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Norway PM Solberg dismisses controversial asylum proposal

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Norway PM Solberg dismisses controversial asylum proposal
Prime Minister Erna Solberg (L) with Progress Party leader Siv Jensen. Photo: Cornelius Poppe / NTB scanpix
16:34 CEST+02:00
Norway’s Prime Minister Erna Solberg has rejected calls by coalition partner the Progress Party to detain rejected asylum seekers in secured facilities.

The proposal by the nationalist Progress Party (Fremskrittspartiet, Frp) had no support from other parliamentary parties, Solberg said.

“Frp has always been of the opinion that people whose asylum applications are rejected should be held in secured facilities. They have not received backing for that, and we agree with this [the lack of backing, ed.],” the PM told NRK.

“This is an old Frp proposal that I heard Sylvi [Listhaug, minister for immigration and Frp MP, ed.] repeat yesterday, but it is not a foundation for this government and is not going to become one,” Solberg continued.

The PM said that detaining rejected asylum seekers was “not government policy”.

READ ALSO: Labour-Green alliance mooted in Norway after latest poll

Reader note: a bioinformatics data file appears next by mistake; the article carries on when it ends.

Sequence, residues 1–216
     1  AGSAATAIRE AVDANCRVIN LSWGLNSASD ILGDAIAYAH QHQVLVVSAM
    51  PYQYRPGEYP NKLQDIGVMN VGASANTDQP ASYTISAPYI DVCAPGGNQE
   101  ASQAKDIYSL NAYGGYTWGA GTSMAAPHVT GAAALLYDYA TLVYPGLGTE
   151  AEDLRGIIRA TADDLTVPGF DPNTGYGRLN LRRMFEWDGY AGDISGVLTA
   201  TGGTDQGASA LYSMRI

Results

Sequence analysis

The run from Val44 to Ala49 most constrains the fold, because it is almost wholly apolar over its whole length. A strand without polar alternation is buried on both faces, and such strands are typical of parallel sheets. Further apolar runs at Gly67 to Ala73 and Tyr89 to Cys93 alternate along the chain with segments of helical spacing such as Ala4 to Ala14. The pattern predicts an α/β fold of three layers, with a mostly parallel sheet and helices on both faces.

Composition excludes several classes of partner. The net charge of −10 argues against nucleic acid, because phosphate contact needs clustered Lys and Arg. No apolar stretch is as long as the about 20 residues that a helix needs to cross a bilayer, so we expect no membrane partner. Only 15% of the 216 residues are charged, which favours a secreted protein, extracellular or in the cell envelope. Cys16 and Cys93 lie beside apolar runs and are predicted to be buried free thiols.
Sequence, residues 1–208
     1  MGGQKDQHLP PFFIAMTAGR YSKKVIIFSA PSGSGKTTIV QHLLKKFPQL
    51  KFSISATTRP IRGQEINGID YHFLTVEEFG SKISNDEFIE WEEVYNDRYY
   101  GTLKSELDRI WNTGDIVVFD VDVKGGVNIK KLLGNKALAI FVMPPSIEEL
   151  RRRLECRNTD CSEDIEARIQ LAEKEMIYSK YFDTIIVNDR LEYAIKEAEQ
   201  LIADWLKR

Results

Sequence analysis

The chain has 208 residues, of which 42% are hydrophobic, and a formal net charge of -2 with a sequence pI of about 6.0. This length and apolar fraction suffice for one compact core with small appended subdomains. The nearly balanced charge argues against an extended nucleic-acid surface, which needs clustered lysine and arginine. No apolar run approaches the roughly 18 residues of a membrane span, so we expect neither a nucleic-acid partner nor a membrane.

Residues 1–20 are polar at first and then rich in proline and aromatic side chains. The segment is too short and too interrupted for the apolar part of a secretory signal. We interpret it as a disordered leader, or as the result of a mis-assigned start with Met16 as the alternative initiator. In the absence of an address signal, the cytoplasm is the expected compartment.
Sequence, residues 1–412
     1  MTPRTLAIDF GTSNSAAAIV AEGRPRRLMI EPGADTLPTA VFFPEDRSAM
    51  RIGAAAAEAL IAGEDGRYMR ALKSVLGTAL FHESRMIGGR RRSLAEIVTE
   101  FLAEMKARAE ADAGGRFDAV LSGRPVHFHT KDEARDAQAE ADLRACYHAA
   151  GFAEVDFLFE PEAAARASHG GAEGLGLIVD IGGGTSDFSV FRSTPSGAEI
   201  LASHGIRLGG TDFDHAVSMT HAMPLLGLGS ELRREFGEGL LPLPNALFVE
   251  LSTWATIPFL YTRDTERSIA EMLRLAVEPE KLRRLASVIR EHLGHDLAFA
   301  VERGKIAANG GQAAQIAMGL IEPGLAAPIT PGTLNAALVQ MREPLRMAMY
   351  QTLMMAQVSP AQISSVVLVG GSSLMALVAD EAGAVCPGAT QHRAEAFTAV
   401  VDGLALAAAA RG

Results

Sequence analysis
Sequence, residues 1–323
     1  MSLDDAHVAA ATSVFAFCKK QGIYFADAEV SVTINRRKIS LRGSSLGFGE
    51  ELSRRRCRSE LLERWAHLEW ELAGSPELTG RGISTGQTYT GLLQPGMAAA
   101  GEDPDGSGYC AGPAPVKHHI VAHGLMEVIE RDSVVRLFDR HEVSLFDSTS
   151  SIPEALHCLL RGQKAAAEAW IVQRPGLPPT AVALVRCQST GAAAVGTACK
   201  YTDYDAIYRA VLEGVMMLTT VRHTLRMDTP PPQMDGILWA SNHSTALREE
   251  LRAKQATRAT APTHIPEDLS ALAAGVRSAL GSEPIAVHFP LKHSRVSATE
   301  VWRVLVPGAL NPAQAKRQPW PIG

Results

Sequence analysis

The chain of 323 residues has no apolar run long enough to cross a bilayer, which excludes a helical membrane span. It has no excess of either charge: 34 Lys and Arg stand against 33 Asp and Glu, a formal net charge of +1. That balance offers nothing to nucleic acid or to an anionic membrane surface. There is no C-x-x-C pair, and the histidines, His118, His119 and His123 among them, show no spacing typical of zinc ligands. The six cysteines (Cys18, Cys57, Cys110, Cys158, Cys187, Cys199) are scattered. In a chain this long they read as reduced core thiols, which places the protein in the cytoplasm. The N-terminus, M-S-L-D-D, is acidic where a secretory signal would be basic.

Listhaug came in for criticism after she said on Thursday that asylum seekers arriving in Norway without definitive identification or papers should be held in secured facilities until their identity could be confirmed.

Asylum seekers whose applications are rejected but do not leave Norway of their own free will should also be detained, she said.

International human rights conventions should not be allowed to take precedence over the necessity of the measure, Listhaug told NRK.

But Solberg dismissed the notion that human rights conventions could be renegotiated following the September 11th election.

“We must use secured facilities more, but we will not broaden the scope of who can be detained in them,” she told NRK.

“Frp has always said this. That they are saying it again during the election campaign cannot come as a surprise to anyone. But it is not the policy of the other conservative parties,” she added.

“We believe that it is possible to ensure the security of Norwegians, fight terror and have a responsible immigration policy within the parameters of the human rights conventions,” Solberg said.

READ MORE: All the news from the build-up to Norway's general election

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